Theory, Evidence and Policy
Edited by Boelie Elzen, Frank W. Geels and Ken Green
Chapter 12: Conclusion. Transitions to Sustainability: Lessons Learned and Remaining Challenges
Boelie Elzen, Frank W. Geels and Ken Green In Chapter 1, we argued that system innovations are necessary to achieve sustainability, a scale of change that is much larger than that implied in the incremental paths of innovation that are currently being pursued. Based on this, we raised two research questions, notably: 1. How do system innovations (for transitions) develop? What theories can be used to conceptualize (part of) their dynamics and what gaps exist in those theories? What can we learn from historical examples of transitions? Can system innovations be inﬂuenced by actors, in particular public authorities and, if so, how? What instruments and tools are available, are additional tools needed and how should they be used? 2. In this ﬁnal chapter, we will review the answers that have been suggested in this book to these two questions. Given the embryonic stage of transition research, our aim is to tease out interesting insights and reﬂect on the strengths and weaknesses of these ﬁndings. We conclude by presenting an agenda for future research. UNDERSTANDING TRANSITIONS – LESSONS LEARNED Grasping Heterogeneity – the Multi-level Perspective In Chapter 1, we deﬁned system innovations (for transitions) requiring changes in those socio-technical systems that meet human needs. Such systems are characterized by a range of technologies, infrastructures, patterns of behaviour, cultural values and policies. A transition implies a process 282 Lessons learned and remaining challenges 283 of change that aﬀects all or a large proportion of these dimensions; that is, they are...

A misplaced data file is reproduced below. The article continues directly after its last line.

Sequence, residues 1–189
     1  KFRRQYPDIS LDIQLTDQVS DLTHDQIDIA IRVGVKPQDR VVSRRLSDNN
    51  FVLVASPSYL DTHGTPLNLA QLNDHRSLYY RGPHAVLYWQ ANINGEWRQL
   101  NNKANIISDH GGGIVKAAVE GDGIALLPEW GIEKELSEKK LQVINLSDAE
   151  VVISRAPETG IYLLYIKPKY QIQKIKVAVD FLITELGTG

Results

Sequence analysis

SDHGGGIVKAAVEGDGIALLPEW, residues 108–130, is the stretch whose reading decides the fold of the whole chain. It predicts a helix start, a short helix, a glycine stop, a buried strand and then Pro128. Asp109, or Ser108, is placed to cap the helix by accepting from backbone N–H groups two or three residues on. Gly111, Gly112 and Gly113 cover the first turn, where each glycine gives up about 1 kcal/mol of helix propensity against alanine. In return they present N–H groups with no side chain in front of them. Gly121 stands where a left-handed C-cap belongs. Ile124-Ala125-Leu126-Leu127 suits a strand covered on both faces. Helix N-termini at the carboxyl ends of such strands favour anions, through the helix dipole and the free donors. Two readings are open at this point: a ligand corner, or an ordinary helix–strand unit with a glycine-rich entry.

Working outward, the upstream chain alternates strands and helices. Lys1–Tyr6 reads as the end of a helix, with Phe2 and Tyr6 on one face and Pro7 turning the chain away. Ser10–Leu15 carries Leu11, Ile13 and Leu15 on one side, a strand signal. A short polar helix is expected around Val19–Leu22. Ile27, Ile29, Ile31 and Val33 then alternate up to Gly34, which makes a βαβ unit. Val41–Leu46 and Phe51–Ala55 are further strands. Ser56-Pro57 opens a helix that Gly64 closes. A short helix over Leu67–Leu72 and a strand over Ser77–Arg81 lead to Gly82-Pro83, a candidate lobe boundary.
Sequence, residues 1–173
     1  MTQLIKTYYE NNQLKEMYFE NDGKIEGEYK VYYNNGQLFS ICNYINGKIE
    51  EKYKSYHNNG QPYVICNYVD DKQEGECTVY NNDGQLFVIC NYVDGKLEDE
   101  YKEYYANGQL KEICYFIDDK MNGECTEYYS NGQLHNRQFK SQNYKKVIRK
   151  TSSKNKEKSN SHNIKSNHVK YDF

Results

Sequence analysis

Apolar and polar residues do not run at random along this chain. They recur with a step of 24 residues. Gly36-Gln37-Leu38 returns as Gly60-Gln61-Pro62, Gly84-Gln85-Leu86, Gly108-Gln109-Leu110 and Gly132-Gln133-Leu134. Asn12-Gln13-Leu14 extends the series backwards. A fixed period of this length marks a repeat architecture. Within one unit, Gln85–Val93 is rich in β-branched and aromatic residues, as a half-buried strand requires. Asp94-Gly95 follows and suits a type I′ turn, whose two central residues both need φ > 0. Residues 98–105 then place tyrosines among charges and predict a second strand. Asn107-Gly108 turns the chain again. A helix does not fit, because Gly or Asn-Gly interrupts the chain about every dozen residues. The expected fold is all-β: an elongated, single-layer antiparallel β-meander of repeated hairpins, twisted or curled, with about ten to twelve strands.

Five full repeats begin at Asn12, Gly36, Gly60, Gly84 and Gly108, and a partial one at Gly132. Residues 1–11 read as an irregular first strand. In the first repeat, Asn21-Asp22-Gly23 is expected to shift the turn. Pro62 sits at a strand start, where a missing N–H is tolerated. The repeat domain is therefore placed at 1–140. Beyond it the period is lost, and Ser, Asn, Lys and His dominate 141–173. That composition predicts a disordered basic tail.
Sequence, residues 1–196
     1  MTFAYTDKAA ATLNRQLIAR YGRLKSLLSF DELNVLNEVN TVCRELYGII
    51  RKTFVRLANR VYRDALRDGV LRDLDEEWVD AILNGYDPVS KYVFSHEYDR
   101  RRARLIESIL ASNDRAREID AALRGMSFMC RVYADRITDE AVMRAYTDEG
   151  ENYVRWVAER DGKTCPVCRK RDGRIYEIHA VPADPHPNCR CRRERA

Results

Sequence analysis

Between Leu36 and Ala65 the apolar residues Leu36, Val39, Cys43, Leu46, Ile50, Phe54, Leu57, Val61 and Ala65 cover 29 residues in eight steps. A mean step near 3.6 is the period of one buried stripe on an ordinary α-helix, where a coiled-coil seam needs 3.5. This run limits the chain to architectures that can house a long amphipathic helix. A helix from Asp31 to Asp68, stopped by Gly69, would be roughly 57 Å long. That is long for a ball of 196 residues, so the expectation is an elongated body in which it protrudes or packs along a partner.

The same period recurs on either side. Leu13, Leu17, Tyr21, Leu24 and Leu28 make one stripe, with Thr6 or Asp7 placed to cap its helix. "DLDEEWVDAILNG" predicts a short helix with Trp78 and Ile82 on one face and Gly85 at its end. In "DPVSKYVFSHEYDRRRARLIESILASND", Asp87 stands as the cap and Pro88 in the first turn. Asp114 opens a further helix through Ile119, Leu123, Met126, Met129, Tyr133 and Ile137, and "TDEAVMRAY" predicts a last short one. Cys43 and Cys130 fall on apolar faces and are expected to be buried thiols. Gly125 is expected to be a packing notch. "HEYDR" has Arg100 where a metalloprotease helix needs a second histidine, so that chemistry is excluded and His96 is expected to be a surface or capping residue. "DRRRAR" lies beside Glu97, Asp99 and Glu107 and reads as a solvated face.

You are not authenticated to view the full text of this chapter or article.
Elgaronline requires a subscription or purchase to access the full text of books or journals. Please login through your library system or with your personal username and password on the homepage.
Non-subscribers can freely search the site, view abstracts/ extracts and download selected front matter and introductory chapters for personal use.
Your library may not have purchased all subject areas. If you are authenticated and think you should have access to this title, please contact your librarian.